Novel solar sail mission concepts for high-latitude earth and lunar observation

Heiligers, Jeannette and Parker, Jeffrey S. and Macdonald, Malcolm (2017) Novel solar sail mission concepts for high-latitude earth and lunar observation. Journal of Guidance, Control and Dynamics, 41 (1). pp. 212-230. ISSN 1533-3884

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    Abstract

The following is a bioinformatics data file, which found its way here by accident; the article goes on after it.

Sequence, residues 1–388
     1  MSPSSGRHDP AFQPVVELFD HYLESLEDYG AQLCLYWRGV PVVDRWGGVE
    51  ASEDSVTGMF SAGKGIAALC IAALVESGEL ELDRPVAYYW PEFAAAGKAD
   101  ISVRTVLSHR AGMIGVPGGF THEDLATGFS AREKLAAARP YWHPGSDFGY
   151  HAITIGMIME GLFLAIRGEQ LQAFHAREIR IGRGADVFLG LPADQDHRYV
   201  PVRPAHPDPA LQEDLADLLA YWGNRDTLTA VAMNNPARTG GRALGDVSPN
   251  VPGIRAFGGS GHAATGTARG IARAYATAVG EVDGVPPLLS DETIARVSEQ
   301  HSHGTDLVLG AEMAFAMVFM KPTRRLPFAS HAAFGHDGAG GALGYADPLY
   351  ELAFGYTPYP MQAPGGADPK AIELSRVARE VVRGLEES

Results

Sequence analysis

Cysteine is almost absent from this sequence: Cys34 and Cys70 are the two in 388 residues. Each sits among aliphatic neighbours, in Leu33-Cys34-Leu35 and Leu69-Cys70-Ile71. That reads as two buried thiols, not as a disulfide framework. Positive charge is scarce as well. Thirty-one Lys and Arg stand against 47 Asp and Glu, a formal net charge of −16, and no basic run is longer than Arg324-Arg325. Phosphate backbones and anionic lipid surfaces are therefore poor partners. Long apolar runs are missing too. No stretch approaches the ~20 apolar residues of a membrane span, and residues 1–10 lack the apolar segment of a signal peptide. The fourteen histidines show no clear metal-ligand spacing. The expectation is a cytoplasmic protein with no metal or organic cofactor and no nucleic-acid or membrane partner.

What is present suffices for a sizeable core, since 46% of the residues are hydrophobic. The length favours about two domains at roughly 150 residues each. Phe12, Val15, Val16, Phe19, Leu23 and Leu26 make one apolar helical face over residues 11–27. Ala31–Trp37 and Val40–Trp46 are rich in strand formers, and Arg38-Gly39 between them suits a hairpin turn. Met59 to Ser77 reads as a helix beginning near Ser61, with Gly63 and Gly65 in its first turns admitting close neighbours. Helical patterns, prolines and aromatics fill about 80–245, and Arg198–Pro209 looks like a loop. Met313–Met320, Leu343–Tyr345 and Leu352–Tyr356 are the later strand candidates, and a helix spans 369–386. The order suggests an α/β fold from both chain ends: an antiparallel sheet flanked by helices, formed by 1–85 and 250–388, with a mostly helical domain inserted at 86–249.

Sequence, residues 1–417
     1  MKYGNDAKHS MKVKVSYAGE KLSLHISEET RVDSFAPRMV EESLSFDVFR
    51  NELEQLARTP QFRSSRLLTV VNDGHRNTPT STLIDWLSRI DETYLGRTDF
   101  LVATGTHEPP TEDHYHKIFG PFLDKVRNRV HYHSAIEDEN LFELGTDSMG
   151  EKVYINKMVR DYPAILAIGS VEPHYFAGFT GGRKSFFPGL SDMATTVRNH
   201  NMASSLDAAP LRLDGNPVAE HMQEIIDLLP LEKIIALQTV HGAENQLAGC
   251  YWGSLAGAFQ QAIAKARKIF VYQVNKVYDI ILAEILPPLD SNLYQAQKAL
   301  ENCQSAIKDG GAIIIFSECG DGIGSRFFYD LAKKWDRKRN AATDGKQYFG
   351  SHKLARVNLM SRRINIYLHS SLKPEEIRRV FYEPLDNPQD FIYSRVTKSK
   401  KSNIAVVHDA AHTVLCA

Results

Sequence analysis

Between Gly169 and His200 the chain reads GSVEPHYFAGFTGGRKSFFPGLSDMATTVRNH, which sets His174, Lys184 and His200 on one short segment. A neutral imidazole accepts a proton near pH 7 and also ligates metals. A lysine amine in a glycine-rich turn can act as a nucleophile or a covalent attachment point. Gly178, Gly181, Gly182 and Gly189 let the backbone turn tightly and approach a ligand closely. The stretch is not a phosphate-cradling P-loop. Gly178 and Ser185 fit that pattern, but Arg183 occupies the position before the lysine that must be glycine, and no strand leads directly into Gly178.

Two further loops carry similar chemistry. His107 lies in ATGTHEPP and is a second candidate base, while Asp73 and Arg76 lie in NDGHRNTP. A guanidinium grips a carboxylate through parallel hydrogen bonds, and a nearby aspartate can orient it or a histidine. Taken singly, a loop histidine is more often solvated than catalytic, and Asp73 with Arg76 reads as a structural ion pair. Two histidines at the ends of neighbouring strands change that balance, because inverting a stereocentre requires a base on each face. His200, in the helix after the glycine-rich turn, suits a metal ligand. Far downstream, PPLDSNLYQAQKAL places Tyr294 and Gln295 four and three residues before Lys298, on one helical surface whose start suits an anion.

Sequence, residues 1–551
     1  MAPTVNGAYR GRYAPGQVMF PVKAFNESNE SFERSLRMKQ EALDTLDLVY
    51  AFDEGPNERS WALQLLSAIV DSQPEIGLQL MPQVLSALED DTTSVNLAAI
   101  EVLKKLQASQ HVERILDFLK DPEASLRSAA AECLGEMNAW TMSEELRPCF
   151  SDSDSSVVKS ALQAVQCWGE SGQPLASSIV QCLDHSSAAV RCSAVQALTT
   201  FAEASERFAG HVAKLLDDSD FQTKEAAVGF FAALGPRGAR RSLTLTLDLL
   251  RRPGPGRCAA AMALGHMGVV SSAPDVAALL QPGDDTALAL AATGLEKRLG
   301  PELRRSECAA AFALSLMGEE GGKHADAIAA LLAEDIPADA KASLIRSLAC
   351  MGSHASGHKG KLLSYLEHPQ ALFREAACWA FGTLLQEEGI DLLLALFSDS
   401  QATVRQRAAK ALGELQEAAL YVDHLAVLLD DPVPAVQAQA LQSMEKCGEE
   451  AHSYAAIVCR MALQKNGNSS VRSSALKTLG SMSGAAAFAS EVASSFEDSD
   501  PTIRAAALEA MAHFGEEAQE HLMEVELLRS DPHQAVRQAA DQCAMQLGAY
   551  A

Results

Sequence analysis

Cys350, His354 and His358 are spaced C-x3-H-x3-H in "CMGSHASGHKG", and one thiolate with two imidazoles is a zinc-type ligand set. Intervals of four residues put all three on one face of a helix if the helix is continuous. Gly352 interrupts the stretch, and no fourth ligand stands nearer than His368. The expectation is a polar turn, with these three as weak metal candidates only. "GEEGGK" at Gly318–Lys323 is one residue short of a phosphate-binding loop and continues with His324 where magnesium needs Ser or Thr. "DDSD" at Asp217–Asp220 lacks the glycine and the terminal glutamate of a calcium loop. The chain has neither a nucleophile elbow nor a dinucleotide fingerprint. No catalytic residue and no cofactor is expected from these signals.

This paper proposes the use of solar sail periodic orbits in the Earth-Moon system for observation of the high-latitudes of the Earth and Moon. At the Earth, the high-latitudes will be crucial in answering questions concerning global climate change, monitoring space weather events and ensuring sustainable development of these fragile regions. The polar regions of the Moon, especially the South Pole, are of great scientific interest as well as a potential destination for a future permanent lunar base. The existence of families of solar sail periodic orbits in the Earth-Moon system has previously been demonstrated by the authors and is expanded in this paper by introducing additional orbit families. The paper focuses in particular on orbits that are achievable with near-term solar sail technology and that originate by maintaining the solar sail at a constant attitude with respect to the Sun such that mission operations are greatly simplified. The results provide a set of constellations for continuous observation of the high-latitudes. For example, a constellation of two solar sail L2-displaced vertical Lyapunov orbits can achieve continuous observation of both the lunar South Pole and the centre of the Aitken Basin at a minimum elevation of 15 deg, while at the Earth, a set of two, so-called 'clover-shaped' orbits can provide continuous coverage of one of the Earth's Poles at 20 deg minimum elevation. Transferring these orbits to a higher-fidelity model, taking among others the eccentricity of the Moon into account, shows that these orbits still exist without any significant impact on their performance for high-latitude observation of the Earth and Moon.